The committee suggested researching other consortiums, cooperatives, and subscription service organizations to determine fee structure options, and to investigate other classification schemes, such as the Carnegie Commission system.
Recognizing the enormity and impact of this effort, the committee recommended that additional Council members join the committee in researching and deliberating the issues over the next year or two. Accordingly, the committee recommended that additional time be set aside prior to the start of the March Council meeting for this committee, along with other Council members, to start these discussions.
Meeting with ISR Director David Featherman: Featherman met with the ICPSR Council Members on Saturday, October 7, 2000. The following items were discussed:
Update on Myron Gutmann recruitment
Memorandum of Understanding
Myron Gutmann Recruitment: Featherman is waiting to hear from the Department of History regarding a tenured position for Myron Gutmann. As he understands now, LS&A has a new Dean who requires that a strategic plan be submitted and approved for any new positions within LS&A and at this time no plan for the History Department has been submitted.
Memorandum of Understanding: Council raised some concerns regarding the current Memorandum of Understanding for the Perry Building addition:
Can ISR make the final decision regarding the loan for the University of Michigan?
Is there a penalty if ISR misses a payment on the loan?
A decision was made by the Council to have an attorney, not associated with the University of Michigan, look over the Memorandum of Understanding. Featherman also informed the Council that ISR will be going to the University of Michigan Regents in December for final approval on the Perry Building addition.
He then concluded that he was very happy that Erik Austin had taken on the role of Acting Director of ICPSR. It was a sign of a healthy working relationship within ICPSR.
NSF Funding: Stephen Fienberg shared information from the NSF conference that he attended. He believes NSF will increase its funding within the next several years. There are no specific interest groups specified for the funding, all are welcome to apply. He noted that Norman Bradburn, Director of Social, Behavioral and Economic Science, said that the social science field is underfunded, and that this would be a good time to start building institutions within this area.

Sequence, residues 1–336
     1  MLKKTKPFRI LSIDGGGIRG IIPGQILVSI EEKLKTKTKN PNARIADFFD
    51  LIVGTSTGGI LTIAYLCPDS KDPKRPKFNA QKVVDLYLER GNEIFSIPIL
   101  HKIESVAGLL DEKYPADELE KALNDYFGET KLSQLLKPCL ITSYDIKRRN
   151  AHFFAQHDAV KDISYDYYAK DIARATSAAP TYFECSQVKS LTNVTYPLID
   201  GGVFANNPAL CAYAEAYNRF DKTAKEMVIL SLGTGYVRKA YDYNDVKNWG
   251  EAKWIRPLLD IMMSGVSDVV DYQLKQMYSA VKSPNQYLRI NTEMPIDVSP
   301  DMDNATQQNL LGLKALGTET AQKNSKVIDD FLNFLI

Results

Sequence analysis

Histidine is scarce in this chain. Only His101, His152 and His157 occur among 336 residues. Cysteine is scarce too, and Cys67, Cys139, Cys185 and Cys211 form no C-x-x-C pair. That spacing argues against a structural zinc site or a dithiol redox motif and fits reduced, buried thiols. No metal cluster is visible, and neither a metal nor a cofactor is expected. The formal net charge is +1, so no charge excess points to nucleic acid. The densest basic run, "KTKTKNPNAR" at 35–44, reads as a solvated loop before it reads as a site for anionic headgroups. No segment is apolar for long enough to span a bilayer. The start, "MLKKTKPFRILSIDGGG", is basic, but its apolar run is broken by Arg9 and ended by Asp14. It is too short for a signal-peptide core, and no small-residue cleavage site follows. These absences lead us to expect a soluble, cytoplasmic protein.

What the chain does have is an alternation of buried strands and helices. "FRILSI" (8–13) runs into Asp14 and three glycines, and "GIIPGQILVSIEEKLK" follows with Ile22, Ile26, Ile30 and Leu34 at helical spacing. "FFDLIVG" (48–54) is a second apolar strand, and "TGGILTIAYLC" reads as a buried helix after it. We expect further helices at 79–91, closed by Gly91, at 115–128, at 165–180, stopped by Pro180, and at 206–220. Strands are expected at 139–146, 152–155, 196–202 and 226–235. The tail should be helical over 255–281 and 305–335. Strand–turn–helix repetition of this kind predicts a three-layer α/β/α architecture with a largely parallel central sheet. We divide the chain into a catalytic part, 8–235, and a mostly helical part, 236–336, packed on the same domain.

The Council continued its discussion of financial issues, including the financial relationship between ICPSR and the University of Michigan in the MOA. Michigan receives and manages the funds for the Consortium, including membership dues. In recent years, the Council has retained an attorney and bought liability insurance for Council members. These transactions imply a separate identity of Council and by implication ICPSR in special circumstances. There was general discussion of the appropriateness of considering a separate financial identity for such contingencies. The Council expressed willingness to secure an independent opinion of an attorney on the draft Memorandum of Understanding governing the mortgage loan for the construction of the Perry addition.
Acting Director Erik Austin reported to Council on the activities he will give priority to during the period of his interim Directorship. Closest attention will be paid to the Director transition, beginning with assistance in the recruitment of Myron Gutmann, and continuing through the phasing in of the new Director. Austin will also represent ICPSR within the Institute for Social Research and in the University of Michigan more broadly. This representation includes participating in the ISR Policy Committee and Center/Unit Director meetings, as well as attending (in an ex officio role) various functions, events, and presentations. High on Austin's priority list will be pushing forward several efforts on ICPSR facilities. These include the relocation of a fresh air intake in the Borders building, installation of an audible/visible fire alarm system in that building, programming future space that ICPSR will occupy in the Perry Addition, and further developing the ICPSR secure data enclave.
Austin also plans to undertake grant proposals that seek funds for activities rated as very important by the Council. These include obtaining support for ICPSR's 2000 Census activities, and the outside evaluation of the DDI effort to date. (Other funding opportunities may arise, as well, and those will be pursued as they present themselves.) Honing two sets of administrative procedures will also be high priority items for Austin and the staff in coming months. These involve devising better methods of tracking expenditures, and creating a more effective system of monitoring membership dues payments. Planning for the FY 2002 ICPSR budget and the 2001 OR Meeting must also begin by early 2001, and Austin will coordinate staff efforts on those activities. Finally, Austin will address staff morale problems, especially those highlighted in the 1999 ISR Survey on Diversity in the Workplace.